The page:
STAY IN THE HIMALAYAN MOUNTAINS FOR HEALTH, PEACE, AND YOGA
Bruno Latour (Born 22 June 1947) is a French philosopher, anthropologist and sociologist. Bruno Latour is especially known for his work in the field of science and technology studies. After teaching at the École des Mines de Paris (Centre de Sociologie de l'Innovation) from 1982 to 2006, he became Professor at Sciences Po Paris (2006–2017), where he was the scientific director of the Sciences Po Medialab. He retired from several university activities in 2017. He was also a Centennial Professor at the London School of Economics. After spending more than twenty years (1982–2006) at the Centre de sociologie de l'innovation at the École des Mines in Paris, Latour moved in 2006 to Sciences Po, where he was the first occupant of a chair named for Gabriel Tarde.
In 2005 he held the Spinoza Chair of Philosophy at the University of Amsterdam. Bruno Latour holds several other honorary doctorates, as well as France's Légion d'Honneur (2012). Bruno Latour is known for 'We Have Never Been Modern' (1991; English translation, 1993), 'Laboratory Life' (with Steve Woolgar, 1979) and 'Science in Action' (1987). Although his studies of scientific practice were at one time associated with social constructionist approaches to the philosophy of science, Latour has diverged significantly from such approaches. Bruno Latour figures among eminent sociologists of the world.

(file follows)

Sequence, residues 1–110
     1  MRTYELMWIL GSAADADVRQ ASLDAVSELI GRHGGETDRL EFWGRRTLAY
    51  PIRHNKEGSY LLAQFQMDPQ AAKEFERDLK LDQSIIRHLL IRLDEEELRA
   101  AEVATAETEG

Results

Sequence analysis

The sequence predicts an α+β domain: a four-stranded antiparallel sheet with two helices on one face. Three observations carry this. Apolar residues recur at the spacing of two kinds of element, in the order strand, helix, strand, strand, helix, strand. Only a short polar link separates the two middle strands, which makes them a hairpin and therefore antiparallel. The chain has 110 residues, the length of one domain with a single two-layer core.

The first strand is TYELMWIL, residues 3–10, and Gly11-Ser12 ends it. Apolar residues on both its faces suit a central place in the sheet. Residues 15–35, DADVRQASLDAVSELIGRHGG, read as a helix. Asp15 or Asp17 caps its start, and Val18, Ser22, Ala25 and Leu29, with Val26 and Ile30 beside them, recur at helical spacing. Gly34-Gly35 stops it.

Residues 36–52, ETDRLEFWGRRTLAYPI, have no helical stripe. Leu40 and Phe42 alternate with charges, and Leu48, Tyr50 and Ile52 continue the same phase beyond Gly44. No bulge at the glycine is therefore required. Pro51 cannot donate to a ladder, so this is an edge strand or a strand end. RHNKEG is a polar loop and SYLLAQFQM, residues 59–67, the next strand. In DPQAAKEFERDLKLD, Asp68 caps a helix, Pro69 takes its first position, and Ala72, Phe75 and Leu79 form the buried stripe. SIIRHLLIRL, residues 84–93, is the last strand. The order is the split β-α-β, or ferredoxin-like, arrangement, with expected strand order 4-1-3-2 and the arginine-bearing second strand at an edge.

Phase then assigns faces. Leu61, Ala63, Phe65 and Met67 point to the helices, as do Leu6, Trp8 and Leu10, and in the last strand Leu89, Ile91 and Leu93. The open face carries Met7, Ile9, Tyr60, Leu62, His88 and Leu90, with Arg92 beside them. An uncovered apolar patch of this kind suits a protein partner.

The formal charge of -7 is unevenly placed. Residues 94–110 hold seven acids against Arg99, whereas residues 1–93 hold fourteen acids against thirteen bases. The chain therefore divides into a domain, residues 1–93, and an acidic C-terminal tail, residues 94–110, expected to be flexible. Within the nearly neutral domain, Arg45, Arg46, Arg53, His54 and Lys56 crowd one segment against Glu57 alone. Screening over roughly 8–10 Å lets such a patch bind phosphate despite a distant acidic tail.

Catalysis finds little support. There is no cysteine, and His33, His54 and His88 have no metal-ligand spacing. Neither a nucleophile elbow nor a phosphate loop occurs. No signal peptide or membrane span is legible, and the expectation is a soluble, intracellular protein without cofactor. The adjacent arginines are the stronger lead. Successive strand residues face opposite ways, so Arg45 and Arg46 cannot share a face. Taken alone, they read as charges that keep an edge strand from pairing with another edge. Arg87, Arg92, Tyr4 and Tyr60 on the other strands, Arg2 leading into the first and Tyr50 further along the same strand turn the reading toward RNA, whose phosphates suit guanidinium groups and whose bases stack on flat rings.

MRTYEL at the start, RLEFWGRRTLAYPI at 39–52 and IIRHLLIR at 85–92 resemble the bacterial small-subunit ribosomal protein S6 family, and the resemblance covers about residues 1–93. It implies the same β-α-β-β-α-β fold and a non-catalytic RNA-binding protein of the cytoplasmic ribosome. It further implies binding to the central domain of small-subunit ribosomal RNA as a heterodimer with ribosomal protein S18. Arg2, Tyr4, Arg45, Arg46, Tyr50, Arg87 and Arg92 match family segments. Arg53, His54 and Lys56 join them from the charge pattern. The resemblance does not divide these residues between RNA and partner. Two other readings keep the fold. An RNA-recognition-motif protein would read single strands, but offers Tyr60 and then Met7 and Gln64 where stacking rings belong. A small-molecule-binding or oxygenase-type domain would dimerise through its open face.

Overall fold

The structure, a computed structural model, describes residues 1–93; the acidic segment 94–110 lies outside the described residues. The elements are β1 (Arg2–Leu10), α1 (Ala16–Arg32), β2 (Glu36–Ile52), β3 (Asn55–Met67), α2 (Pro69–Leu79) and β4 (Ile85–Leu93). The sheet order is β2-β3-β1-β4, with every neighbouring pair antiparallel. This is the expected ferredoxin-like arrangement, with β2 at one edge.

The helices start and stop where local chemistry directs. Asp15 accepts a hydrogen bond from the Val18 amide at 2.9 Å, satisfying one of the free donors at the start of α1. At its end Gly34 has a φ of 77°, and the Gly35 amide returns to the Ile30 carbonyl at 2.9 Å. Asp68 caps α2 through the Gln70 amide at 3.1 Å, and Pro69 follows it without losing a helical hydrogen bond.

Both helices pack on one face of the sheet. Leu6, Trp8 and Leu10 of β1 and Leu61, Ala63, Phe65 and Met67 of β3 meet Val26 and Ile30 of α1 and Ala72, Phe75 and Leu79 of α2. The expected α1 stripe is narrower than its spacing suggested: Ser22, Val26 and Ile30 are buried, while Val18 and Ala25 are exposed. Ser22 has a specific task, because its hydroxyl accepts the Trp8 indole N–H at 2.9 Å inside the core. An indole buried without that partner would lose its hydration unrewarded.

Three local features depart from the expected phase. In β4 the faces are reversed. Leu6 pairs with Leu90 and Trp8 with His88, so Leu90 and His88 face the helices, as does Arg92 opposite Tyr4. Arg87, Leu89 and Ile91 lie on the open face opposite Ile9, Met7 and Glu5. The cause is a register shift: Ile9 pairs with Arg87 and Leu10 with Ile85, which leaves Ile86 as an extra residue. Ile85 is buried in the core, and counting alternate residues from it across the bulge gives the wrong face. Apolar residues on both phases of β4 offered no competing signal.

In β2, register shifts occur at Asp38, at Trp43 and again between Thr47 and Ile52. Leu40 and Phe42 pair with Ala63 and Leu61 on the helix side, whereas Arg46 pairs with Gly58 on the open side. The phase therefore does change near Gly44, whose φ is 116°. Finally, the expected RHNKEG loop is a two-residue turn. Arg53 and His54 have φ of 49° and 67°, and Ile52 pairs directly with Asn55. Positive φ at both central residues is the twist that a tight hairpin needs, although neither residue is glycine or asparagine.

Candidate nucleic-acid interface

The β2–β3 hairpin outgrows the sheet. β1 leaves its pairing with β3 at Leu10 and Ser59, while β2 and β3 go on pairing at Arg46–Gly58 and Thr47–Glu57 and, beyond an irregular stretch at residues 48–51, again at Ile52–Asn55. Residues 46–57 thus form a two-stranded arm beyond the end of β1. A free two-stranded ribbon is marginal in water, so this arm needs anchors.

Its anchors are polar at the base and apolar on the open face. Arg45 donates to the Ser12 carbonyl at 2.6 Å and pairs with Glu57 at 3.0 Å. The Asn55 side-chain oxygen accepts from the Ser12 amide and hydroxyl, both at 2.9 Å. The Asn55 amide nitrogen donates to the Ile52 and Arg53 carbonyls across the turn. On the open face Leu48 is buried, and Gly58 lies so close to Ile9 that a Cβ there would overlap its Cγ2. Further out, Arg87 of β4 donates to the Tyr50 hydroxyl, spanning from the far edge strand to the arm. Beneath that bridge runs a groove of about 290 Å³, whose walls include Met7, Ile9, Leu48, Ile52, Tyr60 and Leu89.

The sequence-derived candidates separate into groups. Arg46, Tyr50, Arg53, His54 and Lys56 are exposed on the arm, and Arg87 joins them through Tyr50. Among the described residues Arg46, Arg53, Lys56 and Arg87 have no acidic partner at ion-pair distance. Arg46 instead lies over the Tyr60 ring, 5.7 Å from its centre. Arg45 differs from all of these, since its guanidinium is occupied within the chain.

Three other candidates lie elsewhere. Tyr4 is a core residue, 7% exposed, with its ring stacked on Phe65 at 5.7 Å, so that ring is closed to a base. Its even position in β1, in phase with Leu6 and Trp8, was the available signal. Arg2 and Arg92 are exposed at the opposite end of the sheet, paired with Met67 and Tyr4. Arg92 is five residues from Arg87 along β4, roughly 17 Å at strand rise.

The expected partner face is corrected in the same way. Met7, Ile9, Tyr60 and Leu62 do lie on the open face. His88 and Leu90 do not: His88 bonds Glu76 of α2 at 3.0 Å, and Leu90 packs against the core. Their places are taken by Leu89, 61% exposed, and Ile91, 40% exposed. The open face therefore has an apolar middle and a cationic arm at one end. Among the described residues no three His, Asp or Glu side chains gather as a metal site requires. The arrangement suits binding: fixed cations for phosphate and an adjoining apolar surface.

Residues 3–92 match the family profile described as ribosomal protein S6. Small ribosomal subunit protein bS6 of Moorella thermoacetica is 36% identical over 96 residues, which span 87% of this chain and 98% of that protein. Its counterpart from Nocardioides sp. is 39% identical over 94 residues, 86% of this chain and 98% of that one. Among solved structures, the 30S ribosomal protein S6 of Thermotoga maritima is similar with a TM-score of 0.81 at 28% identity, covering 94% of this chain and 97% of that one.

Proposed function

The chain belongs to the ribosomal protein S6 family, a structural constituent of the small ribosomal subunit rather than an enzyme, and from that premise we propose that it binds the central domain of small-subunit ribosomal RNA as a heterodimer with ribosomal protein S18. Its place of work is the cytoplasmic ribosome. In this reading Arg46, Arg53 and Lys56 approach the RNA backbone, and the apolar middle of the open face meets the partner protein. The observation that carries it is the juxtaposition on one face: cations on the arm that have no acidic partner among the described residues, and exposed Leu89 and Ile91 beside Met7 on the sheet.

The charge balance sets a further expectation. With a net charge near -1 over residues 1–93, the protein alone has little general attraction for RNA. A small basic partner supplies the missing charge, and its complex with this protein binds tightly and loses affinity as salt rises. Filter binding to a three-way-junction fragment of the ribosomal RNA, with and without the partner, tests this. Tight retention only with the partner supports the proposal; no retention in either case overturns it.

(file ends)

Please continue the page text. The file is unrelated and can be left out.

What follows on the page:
Bruno Latour is also known for withdrawing from the subjective/objective division and re-developing the approach to work in practice. Bruno Latour said in 2017 that he is interested in helping to rebuild trust in science and that some of the authority of science needs to be regained. Along with Michel Callon and John Law, Bruno Latour is one of the primary developers of actor–network theory, a constructionist approach influenced by the ethnomethodology of Harold Garfinkel, the generative semiotics of Algirdas Julien Greimas, and the sociology of Émile Durkheim's rival Gabriel Tarde.